Debjani Chatterjee
Sheffield Children's Hospital

Debjani Chatterjee was born in Delhi in 1952 and came to Britain in 1972 via Japan, Bangladesh, Hong Kong, Egypt and Morocco. She has worked in the steel industry, education and community relations. Widely anthologised, her poems have won various prizes including a Peterloo Poets prize. She is Reviews Editor of Writing in Education, published by the National Association of Writers in Education. For a list of her books visit NAWE's website at 


Last November when I went to the Sheffield Children's Hospital to be interviewed for the post of Poet-in-Residence, I felt both honoured and excited to be selected, a feeling that has not abated with time. My six months' residency from mid-January to mid-July involves spending one day a week at the hospital (often this is two half days) and another working from home. I am not physically resident at the hospital as some people assume, although I do frequently find myself spending far more time on my residency than I anticipated! It's easily done.

As Poet-in-Residence my work involves promoting poetry among the children, parents and staff at the Sheffield Children's Hospital. This means that I read and perform poems with children and their carers, and encourage them to write their own poems - either by themselves or in collaboration. The work is enormously varied as well as challenging and each visit that I make is interesting, unpredictable and, most of all, rewarding.

1. Ongoing Activities

a) I've been spending short periods of time with children that I meet in the hospital's main reception area, outpatient clinics' waiting rooms, the 'potting shed' (that's the room where children get plasters put on them), accidents & emergencies, the parents' dining room, the Chaplaincy and the Eye Department, either just reading poems with them or performing my own poetry with them. Generally these children have very little time with me and I may only meet them once.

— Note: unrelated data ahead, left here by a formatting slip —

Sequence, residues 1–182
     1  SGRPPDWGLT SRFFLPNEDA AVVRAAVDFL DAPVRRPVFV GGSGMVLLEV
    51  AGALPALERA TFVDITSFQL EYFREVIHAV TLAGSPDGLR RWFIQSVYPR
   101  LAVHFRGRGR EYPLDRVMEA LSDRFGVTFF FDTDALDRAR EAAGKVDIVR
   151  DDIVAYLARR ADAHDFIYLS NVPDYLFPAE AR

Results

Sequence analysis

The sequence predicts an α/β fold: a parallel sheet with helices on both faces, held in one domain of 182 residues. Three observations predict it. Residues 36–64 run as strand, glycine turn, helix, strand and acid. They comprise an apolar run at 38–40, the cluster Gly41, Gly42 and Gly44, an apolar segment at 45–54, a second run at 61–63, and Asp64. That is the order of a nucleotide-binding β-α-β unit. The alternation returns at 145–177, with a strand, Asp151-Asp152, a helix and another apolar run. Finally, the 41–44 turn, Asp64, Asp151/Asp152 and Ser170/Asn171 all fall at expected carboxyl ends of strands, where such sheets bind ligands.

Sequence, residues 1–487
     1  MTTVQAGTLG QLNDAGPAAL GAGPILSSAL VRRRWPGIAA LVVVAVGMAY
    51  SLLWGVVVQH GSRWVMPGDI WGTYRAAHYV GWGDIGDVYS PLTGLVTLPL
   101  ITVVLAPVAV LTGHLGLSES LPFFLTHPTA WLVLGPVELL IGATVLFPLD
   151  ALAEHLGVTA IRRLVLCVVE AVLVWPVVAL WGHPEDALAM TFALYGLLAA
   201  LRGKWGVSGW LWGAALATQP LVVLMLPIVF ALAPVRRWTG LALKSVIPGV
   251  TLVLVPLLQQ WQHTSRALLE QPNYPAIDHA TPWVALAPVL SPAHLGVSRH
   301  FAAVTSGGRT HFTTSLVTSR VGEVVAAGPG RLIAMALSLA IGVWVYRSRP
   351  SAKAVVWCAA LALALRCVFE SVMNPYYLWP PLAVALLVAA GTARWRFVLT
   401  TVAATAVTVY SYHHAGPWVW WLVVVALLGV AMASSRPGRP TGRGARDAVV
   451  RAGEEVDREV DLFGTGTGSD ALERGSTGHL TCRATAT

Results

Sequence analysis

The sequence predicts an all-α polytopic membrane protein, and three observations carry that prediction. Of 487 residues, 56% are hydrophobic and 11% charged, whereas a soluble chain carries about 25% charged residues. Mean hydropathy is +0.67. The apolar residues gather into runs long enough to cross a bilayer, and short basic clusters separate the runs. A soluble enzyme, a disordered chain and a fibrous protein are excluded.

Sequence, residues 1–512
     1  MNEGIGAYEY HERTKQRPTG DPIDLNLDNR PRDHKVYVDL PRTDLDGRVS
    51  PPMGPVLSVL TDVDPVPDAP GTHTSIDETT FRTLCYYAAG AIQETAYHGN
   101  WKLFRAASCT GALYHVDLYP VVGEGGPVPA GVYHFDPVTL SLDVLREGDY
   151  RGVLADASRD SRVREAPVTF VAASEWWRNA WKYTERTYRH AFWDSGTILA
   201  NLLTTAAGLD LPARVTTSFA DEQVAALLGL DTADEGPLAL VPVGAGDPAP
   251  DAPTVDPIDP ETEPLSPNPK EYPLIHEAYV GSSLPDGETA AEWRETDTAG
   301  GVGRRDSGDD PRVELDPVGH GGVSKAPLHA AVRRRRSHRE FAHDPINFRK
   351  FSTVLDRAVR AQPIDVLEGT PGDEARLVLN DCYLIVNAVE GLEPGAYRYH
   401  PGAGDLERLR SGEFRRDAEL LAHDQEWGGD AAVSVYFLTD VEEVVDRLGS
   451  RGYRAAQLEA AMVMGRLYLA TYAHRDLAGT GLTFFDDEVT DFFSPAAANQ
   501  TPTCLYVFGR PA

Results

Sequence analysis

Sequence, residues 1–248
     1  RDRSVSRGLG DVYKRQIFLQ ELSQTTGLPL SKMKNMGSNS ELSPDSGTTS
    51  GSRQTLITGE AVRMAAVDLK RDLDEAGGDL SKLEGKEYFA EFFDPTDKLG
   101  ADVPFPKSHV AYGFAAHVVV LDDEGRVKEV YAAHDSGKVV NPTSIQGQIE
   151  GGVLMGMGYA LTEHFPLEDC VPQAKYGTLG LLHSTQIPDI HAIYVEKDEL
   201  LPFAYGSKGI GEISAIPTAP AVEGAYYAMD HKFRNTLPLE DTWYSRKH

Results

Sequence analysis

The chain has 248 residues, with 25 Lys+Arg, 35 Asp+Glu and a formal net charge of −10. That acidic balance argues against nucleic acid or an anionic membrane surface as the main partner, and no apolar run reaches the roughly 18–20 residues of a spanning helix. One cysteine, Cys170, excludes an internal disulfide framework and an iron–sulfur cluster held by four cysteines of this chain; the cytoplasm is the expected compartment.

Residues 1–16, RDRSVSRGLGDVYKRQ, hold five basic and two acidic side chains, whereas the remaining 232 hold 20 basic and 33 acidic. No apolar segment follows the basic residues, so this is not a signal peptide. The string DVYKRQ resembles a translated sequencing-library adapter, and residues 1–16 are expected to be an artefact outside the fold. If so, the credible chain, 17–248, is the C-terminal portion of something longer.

A lot of this work is inevitably with individual children. An example of working with a group involved going at lunchtime to the parents' dining room where I saw that all the children dining there were of pre-school age. One parent told me quite seriously that her child did not know any poetry at all. Another actually said that the children in the room were too young to have anything to do with poetry! But when I talked to the children about their favourite nursery rhymes, it turned out that every child in the room knew at least a few lines of a nursery rhyme and was happy to join me in reciting them. One child sang 'Baa Baa Black Sheep' for all of us. The parents said that they didn't know that nursery rhymes counted as poems! 'Besides, if it's sung, it becomes a song, not a poem!' said another parent.

b) I also visit children in the wards. Here again most children are short stay patients and when I return to their ward the following week I often find them gone. Sometimes I do come across long-stay patients. There are of course children who are too ill to work with me. But generally I can work with children in the wards & know that I am contributing a pleasurable & valuable experience as part of their hospital stay.

Sometimes it is very hard to reach children in order to involve them in poetry when my time with them is so short & there are so many barriers to be overcome, barriers such as their apprehension about waiting for an injection, or suspicion regarding a strange adult, or distraction from noise or television or computer games. One lever for me to gain access to children's attention and interest has been my introduction of Theo, the hospital's teddy bear mascot, in my conversations with young children & in some of the poetry I read to them.

c) My work is not just with the children & parents at the hospital. It has also meant contributing occasional poetry-related news items and poems to the hospital's regular newsletter, NewsFlash. I have also attended a meeting of the hospital's Arts Steering Group, the people who applied to the Poetry Society to sponsor my post.

I have worked with hospital volunteers & staff. I feel particularly pleased about a very vulnerable young volunteer whom I encouraged to write. I sent off one of his poems to a magazine and I'm happy to say that it was published. Then there is the nurse for whom poetry exorcises her frustration; she sent me an anonymous poem in which she wrote of being sick' of needles, doctors & hospitals! There is also the pathologist who writes poems, often morbid, on such subjects as post-mortems and can't understand why her church magazine won't accept them! She wants to know how to improve her poems & wants to learn in particular about forms and techniques. It has been a pleasure to work with her & to help her to develop her writing interest.